ORONO — A week after L.L. Bean announced it will close its Bangor call center and on the same day that Verizon Wireless said it would add 90 customer service employees to its local facility, Gov. Paul LePage made a Wednesday visit to a third call center, where he said wages might be higher if energy costs were lower.

The Nexxlinx call center in Orono employs about 350 people, 250 of whom work for Time Warner. The site director told the governor, who was invited to tour the facility, that the center has 100 job openings and cannot find enough qualified employees to fill them.

“Are they the jobs we want? No,” LePage told a cluster of reporters after his tour, referring to lower-wage jobs such as those at call centers.

The starting wage at NexxLinx is between $8.50 and $9 per hour, plus incentives, according to the company’s chief operating officer, Jeff Buckman. That amounts to about $19,000 per year for employees who work 40 hours per week.

“People can cry and holler all they want, but if we don’t reduce energy costs, we’re going to have two Maines,” LePage said. The other Maine, he said, is in the south, where there are higher-wage jobs.

LePage said that that if energy costs could be lowered, business overhead would be reduced, allowing companies to invest more, which would in turn produce higher-paying jobs.


“Career jobs come through investment,” he said. And career jobs are the ultimate goal.

He compared Maine to places such as Alabama, Texas and Montreal, where he said energy costs are much lower, which encourages companies to relocate there.

But Buckman, whose company has call centers across the country and in Peru and El Salvador, said the issue at the Orono call center isn’t the cost of energy but the challenge of finding good workers to fill those 100 job openings.

“For us, I don’t know if it’s such a big deal — we just need to turn the lights on,” he said. “We’re not operating heavy machinery.”

He said his company is willing to work around people’s schedules, hire college and high school students and train its employees on the job.

“The biggest thing is, once you’re hired, just come to work every day,” he said, explaining that sometimes new hires simply don’t show up after getting their first paycheck.


In the afternoon, LePage reiterated his message about energy costs at the Ellen Leach Home in Brewer, a residence for seniors. There, he spoke to over 30 people about a range of issues.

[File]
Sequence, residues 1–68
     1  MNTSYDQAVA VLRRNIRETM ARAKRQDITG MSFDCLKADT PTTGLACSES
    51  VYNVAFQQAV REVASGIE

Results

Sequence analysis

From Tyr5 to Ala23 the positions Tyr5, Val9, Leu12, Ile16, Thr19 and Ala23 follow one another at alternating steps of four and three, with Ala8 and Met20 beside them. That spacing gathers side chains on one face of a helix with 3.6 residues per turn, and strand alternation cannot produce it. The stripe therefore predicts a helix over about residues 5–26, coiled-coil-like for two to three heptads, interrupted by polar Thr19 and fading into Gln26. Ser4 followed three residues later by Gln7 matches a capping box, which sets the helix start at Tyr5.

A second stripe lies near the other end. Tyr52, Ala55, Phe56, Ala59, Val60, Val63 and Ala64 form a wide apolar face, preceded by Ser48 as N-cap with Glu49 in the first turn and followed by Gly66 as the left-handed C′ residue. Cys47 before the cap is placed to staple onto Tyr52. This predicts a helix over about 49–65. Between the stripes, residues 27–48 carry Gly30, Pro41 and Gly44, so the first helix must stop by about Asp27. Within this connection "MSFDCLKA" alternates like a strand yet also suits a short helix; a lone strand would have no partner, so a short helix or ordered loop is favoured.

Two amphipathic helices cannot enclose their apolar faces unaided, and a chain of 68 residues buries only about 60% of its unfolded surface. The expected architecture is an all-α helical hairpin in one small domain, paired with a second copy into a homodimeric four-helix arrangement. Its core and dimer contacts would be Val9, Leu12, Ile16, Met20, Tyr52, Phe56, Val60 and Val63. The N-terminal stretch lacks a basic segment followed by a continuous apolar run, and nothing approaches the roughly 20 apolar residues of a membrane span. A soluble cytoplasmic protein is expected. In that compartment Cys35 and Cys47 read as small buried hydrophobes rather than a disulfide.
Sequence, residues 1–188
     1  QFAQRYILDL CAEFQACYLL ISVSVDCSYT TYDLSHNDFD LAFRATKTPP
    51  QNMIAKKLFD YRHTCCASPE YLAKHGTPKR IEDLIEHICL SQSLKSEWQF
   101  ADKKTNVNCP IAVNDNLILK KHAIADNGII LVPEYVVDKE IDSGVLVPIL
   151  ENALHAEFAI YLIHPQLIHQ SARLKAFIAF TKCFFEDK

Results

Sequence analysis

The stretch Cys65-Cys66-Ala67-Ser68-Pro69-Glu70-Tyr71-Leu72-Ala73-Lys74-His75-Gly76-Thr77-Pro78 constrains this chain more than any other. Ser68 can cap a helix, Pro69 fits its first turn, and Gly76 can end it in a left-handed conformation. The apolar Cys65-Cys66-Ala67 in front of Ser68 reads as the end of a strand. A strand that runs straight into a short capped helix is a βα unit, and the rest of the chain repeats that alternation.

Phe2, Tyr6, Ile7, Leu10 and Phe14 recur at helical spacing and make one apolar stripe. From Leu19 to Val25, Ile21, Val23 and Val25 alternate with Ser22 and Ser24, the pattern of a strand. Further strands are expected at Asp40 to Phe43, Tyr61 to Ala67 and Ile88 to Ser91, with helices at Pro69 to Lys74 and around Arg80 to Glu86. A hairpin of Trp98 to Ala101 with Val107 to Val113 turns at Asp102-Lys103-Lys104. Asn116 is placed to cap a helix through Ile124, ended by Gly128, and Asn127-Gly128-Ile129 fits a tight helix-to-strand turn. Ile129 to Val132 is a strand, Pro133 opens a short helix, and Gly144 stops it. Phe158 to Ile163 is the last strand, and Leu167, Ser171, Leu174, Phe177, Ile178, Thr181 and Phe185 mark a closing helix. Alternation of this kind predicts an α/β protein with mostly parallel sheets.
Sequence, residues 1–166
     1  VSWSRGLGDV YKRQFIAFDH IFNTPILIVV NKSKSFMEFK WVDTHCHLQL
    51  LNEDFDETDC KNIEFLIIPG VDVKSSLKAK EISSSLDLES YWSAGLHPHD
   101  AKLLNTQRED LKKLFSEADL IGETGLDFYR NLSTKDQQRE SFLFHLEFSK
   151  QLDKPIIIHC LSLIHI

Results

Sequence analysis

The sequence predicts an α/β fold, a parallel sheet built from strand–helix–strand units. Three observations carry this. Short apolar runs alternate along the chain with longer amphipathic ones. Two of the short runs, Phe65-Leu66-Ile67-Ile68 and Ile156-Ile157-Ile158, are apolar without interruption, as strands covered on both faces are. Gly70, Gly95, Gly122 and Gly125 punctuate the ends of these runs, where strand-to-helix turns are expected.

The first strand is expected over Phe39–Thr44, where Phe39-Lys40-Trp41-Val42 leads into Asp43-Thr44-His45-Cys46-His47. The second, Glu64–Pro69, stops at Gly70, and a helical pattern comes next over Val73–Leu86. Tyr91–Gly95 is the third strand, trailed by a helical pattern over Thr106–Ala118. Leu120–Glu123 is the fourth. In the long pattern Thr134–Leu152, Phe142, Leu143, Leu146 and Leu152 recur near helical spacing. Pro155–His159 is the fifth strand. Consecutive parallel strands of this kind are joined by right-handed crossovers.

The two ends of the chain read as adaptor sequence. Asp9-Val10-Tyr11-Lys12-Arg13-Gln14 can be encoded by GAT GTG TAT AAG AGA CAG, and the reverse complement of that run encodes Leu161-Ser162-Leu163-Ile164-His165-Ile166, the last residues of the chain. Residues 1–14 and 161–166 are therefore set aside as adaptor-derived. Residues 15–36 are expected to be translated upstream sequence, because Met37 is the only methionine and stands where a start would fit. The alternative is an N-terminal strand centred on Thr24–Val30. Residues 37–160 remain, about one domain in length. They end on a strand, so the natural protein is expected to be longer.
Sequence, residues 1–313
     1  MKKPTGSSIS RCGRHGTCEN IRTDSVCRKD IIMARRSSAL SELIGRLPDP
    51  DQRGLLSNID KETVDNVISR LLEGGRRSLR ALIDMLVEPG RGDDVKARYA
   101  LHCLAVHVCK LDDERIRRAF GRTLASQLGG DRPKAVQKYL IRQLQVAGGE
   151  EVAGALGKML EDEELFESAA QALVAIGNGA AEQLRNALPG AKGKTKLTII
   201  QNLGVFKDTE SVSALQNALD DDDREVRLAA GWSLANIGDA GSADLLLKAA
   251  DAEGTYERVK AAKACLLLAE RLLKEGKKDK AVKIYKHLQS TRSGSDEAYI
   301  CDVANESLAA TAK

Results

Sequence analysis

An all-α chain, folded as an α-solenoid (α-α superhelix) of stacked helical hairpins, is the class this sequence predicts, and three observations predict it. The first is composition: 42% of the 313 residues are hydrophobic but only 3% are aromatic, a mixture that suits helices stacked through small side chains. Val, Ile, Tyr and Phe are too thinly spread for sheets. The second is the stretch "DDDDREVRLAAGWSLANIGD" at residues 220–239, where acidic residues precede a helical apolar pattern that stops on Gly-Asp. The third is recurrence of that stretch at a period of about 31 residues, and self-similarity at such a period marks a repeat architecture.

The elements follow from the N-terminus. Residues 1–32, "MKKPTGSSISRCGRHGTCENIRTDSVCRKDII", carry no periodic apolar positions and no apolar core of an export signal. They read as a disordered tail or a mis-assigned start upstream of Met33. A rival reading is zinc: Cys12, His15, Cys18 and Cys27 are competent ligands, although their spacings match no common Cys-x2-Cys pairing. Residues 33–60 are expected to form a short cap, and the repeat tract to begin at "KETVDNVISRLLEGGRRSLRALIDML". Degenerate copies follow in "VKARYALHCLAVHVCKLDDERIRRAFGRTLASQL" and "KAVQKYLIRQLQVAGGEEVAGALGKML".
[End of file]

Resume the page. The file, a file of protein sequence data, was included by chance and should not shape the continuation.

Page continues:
The audience was receptive, laughing at his jokes and nodding and clapping when he made comments about his no-holds-barred style and his stance on undocumented immigrants.

He insisted on calling them illegal aliens and explained that “what most people in Maine don’t want to acknowledge is that the ‘il’ makes it unlawful,” referring to the spelling of the word “illegal.”

“They are going to our schools, and that’s a real problem for me,” said LePage, who is running against Democrat Mike Michaud and independent Eliot Cutler.

“If we can’t build a fence high enough … we ought to go to China and see how they built a wall,” he said, which got laughs.

Several members of the audience told the governor that they were not receiving the veterans benefits that they believed they are qualified to receive. LePage explained veterans benefits are a federal program but promised to send Peter Ogden, the director of the bureau of veterans’ services in Augusta, to Brewer to speak with the Ellen Leach residents.

LePage also was asked about his stance on abortion, which he indicated he is against, and the negative publicity he’s received, to which he responded, “A Republican in Maine is a bad person. The newspapers have not been responsible.”

After his speech and the question-answer period, multiple Ellen Leach residents said they were generally impressed.

“I think he gave a good speech,” said Jean VanWart, who sat in the front and asked at least four questions. “I’m not sure that I agree with all of it.”

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